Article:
In the digital era we live in, almost everyone is aware of malware in one form or another. ‘Malware’ is an umbrella term that encompasses many different attack methods. This includes everything from the annoying pop up ads trying to sell you a product (adware), to more targeted attacks that capture a user’s input (spyware). But in the last 2-3 years, we’ve seen one attack method move to the front of the stage: ransomware.
Rise of Ransomware
Ransomware’s popularity has risen steady since roughly 2014. Now it’s the most preferred and profitable attack method for cyber criminals to use. According to SonicWALL, their Global Intelligence Grid saw roughly 3.8 million ransomware attacks in 2015, a rise from the 3.2 million attacks in 2014. 2016 saw an astonishing 638 million ransomware attacks! That’s over 16,000% increase. Imagine if everyone in the U.S. was hit with ransomware, twice!
It’s no surprise, given the amount of success that cyber criminals have had turning a profit. The average ransom demand in 2016 was $679, more than double the average ransom of $294 in 2015. SonicWALL reports that nearly $209 million was paid in the first quarter of 2016 alone. With the increase in volume of attacks as well as the elevated ransom demands, no one is shocked by estimates from the FBI that put ransomware on track to be a $1 billion dollar source of income for cyber criminals annually.
Due to the continued success of ransomware attacks, more and more ransomware variants are being released. According to Trend Micro, 50 new ransomware variants were discovered in the first 5 months of 2016 alone. The infographic below, provided by security company Symantec, shows the many ransomware variations uncovered between 2014 and 2016.
Among the new variants of ransomware, a growing concern for 2017 is Ransomware-as-a-service. This is exemplified in variants such as Spora. ‘Script-Kiddies’ can now sign up, create their own payload and simply agree to pay a 30% commission of all ransoms paid. To make things worse, Spora and other variants have the ability to encrypt files offline. As we saw with DDoS-as-a-service from groups like LizardSquad, giving this ability to the public is a very slippery slope. DDoS-as-a-service has gradually become the ‘new age’ fire alarm pranks for students. If Ransomware-as-a-Service follows the same path, school systems may be in a lot of trouble.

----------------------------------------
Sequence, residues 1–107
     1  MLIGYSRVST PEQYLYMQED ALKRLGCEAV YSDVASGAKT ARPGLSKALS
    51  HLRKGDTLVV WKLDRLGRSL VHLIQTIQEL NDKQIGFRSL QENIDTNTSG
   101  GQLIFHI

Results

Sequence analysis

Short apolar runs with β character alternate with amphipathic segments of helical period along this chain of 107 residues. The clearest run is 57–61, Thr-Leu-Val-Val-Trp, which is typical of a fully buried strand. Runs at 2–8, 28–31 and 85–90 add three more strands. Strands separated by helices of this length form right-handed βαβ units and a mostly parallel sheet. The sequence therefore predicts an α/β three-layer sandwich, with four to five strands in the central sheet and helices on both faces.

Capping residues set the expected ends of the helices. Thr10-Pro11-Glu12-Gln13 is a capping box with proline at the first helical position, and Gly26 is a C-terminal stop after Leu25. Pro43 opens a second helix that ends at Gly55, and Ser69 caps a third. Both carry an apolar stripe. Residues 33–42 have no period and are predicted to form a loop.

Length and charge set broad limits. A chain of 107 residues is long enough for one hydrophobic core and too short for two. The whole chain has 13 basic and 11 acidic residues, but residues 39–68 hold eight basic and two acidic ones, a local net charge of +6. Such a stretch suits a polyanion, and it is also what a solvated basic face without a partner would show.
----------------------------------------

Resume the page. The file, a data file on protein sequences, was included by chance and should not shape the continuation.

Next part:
Ransomware Incident Response
With a majority of IT professionals surveyed stating they would never consider paying the ransom, and less than 50% of all ransomware victims ever fully recovering their data we need to turn our focus to post-incident response. Most IT professionals have accepted the sobering truth that attacks will happen and having a solid incident response protocol is more crucial than ever.
While backups are going to be our friend here (especially backups stored off-site), only 42% of surveyed professionals were able to fully recover their data from backups. This was most commonly due to incomplete backups either unmonitored or failed backups, a loss of accessible drives that also were encrypted or a loss of 1-24 hours of data from where the last incremental backup was taken.
We’re unable to fully rely on our backups, and of course we can’t trust the criminals to actually follow through on their ‘promise’ to decrypt our data. We have to be more proactive in protecting our data. In most cases this will mean training our end users to be more security conscious! According to an Osterman Research survey, users are twice as likely to be infected via phishing emails than by visiting an infected site.
Protecting Your Network
A colleague of mine wrote a great blog on helping to protect your corporate networks against ransomware here. Even with good security controls in place, having additional layers to help catch possible infections is a good best practice. Additional measures should include practices like limiting what file systems our end users have access to, and restricting end users to read-only access to file share.
Having complete visibility into your network traffic is almost standard practice today. Scrutinizer can provide users with the visibility they need to monitor all conversations taking place on their network. This provides security teams with the forensic data they need to analyze where the attack came in, and more importantly determine whether any other users communicated to the known bad host.
Of course, it never hurts to go the extra mile. Plixer offers a network probe that can help alert you to infected machines BEFORE they can communicate to a C2 server, allowing you to catch and prevent the infected machine from pulling down a payload that may encrypt you entire file share. It’s unrealistic to believe you can stop every attack before it happens. More realistic is being able to prevent additional damage and attribute the Who, What, and When. This way, if other affected machines were in communication with the same host, you can take immediate action.
I encourage every user to trial Plixer’s FlowPro Defender for free. This provides you with detailed layered-7 analysis of all of your DNS traffic and will immediately alert you when malware uses DNS for exfiltration or C2 communications.